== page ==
Successful brands will surprise their audience.  They will challenge the normal expectations of how their brand functions on a product and service level.  They will excite the customer by reflecting the customer.  And they will involve the customer in the intuitive process of co-creating their brand message and delivery.  We’ve seen the biggest and best already win at this game.  Nike+, Mini, Domino’s Pizza, Coca-Cola, Volkswagon–they’ve all adjusted their branding message, product position, and consumer connection.  They’ve also used massive budgets to make it happen.  On a smaller scale, savvy business owners can take the first steps toward similar ends by following a three-step process for re-defining their company brand.

Step 1: Define a Company Brand Strategy Around a ‘Why’ Before a ‘What’

What a company does is always obvious.  ‘Install HVAC products.’  ‘Service Equipment.’  ‘Solar.’  ‘Make money.’  These are the outward expressions of a product/service company.  They are also easily viewed as a commodity in the marketplace.  A reinvented brand strategy, however, goes deeper than a function.  It aims to have a purpose, a cause, a battle-cry.  “Enrich our customer’s life.”  “Support the well-being of our community.”  “Improve lifestyles.”  “Live better.”  Asking a ‘Why’ question forces a business to re-evaluate the purpose for the work rather than simply sell the work itself.  In the process of asking ‘Why’ the business undergoes a re-evaluation that will eventually reshape every single business function that touches a customer.  The ‘Why’ becomes the basis for a new brand identity that creates differentiation and a multi-faceted branding opportunity.

Step 2: Content Curation

This is about determining the touch points or access points through which a customer will participate in the company brand, the company ‘Why.’  Thankfully there’s no shortage of ways to create these channels.  Start with the obvious: Does the staff share the vision and do they understand their role in communicating/executing the brand ‘Why’ with customers?  Does the company have mechanisms to share this brand position easily?  Is the company utilizing available technology to extend the brand message as far as possible?  And, most importantly, are these touch points consistent and repeatable?  The level and types of connected sharing allows terrific levels of transparency, consumer involvement, and brand co-creation.  They key is to strategically design these touch points to maximize exposure without diluting the strength of the brand’s position in the market.

Step 3: Production

The down-and-dirty brass tacks of making it happen.  It’s very easy to brainstorm a million great ideas.  It’s altogether another thing to execute the plan and produce the results.  If a business wants to drive their lifestyle brand using Pinterest then someone must be responsible for curating and managing the pin board.  A company that intends to integrate their field staff using video sharing needs to have a consistent way to create quality videos, manage the content, ensure the messaging is aligned with the brand message, and share the results.  A simple blog (I’m in to Tumblr.) needs to have fresh, brand related content updated on a regular basis.  Producing a brand doesn’t simply happen–there’s no flip-of-the-switch and ‘ta da’ we have a new brand.  It grows over time and reflects a clear vision, defined messaging, varied touch points, and solid execution.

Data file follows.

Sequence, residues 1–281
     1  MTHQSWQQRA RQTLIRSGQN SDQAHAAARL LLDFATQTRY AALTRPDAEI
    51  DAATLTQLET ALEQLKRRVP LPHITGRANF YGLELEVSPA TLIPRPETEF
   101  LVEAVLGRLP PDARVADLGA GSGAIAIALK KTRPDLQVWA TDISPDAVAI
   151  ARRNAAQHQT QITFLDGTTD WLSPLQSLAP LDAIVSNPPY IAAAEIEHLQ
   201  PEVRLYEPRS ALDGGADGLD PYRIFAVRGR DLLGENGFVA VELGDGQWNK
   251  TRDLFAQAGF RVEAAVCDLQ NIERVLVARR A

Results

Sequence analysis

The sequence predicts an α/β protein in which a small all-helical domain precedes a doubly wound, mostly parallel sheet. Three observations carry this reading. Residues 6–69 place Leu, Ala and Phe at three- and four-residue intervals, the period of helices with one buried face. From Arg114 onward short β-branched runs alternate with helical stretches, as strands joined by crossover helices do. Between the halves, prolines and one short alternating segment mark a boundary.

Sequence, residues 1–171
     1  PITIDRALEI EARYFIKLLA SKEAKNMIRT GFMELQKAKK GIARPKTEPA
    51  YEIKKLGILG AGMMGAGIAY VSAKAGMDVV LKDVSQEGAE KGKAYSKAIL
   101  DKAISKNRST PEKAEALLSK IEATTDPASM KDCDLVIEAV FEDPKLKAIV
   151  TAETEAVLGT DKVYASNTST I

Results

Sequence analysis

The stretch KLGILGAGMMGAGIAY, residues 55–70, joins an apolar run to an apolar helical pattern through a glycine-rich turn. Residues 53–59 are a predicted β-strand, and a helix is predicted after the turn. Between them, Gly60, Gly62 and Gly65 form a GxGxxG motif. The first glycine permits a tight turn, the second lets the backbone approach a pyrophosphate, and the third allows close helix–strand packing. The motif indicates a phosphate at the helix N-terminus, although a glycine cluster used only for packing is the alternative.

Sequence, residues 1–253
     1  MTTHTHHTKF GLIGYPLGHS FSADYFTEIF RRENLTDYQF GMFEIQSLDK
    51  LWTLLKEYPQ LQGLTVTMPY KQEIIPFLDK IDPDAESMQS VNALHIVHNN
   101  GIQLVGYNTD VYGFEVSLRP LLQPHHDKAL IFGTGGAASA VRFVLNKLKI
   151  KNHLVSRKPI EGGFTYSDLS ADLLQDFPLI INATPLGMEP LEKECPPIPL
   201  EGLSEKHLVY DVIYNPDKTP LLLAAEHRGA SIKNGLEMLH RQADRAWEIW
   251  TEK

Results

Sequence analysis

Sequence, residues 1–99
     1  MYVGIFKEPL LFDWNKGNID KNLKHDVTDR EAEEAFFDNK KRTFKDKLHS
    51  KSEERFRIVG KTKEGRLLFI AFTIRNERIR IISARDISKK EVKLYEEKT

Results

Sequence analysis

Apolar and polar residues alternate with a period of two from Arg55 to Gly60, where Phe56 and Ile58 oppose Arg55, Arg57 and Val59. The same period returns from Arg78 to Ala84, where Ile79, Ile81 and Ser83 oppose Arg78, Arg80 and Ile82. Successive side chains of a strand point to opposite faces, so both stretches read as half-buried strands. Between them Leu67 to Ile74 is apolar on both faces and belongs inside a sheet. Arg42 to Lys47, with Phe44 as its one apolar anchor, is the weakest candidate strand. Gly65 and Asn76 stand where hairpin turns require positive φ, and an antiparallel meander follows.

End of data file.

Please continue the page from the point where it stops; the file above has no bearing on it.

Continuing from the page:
One of the comments that I frequently hear from my clients is “I don’t sell a product, I sell my company.”  And I agree.  A company is something to be extremely proud of–especially a good one.  But what they fail to realize is that the company itself is a product (if not THE product) in question.  By the time a salesperson sits down with a homeowner that homeowner is already in the process of making a purchase.  At that point they’re making evaluation-based decisions: Is this project in my budget?  Do I trust these people?  Am I making the right decision? Can I find a better deal elsewhere?  The purpose of a deeply defined brand is to help shape the customer’s understanding of what it means to partner with a company.  The purpose of a deeply defined brand is to create a greater level of transparency and intimacy with a consumer so they feel like they’re part of something more significant than ‘Product X.’  And the purpose of a deeply defined brand is to stimulate an emotional response from the consumer toward the brand/company in question.  None of this can be accomplished by looking, sounding, and feeling like every other competitor in the marketplace.  

For years marketing and advertising companies have attempted to motivate customers with incentives, images, and explanations as to why they are the best choice (“Lowest prices!” “We’ll beat the competition’s price!” “Your comfort experts!”).  These days, however, the predictable outbound messages are commodities themselves and fail to create the sustained response and intense loyalty that businesses need to survive.  In today’s economy a company/brand simply must do more than register as a blip on a radar.  In order to improve the overall level of meaning and relevance, small businesses must begin to re-think the nature of who they are, what they stand for, how they deliver this brand proposition, and how easily they’ll let consumers aide in co-creating something truly unique.  

You’re “Family Owned and Operated?” No kidding. Tell the REAL story.

At the small business level 99% of my clients are “family owned and operated.”  And that’s a very good thing.  These companies reflect a dream, are manifested out of risk and guts, and eventually solidify into something real for a variety of reasons.  The owner has vision.  The customer service is impeccable.  The staff reflect a culture based on ethics, loyalty, honesty, and skill.  The drive to succeed is relentless.  It has to be.  The market suffers no fools (at least not for long).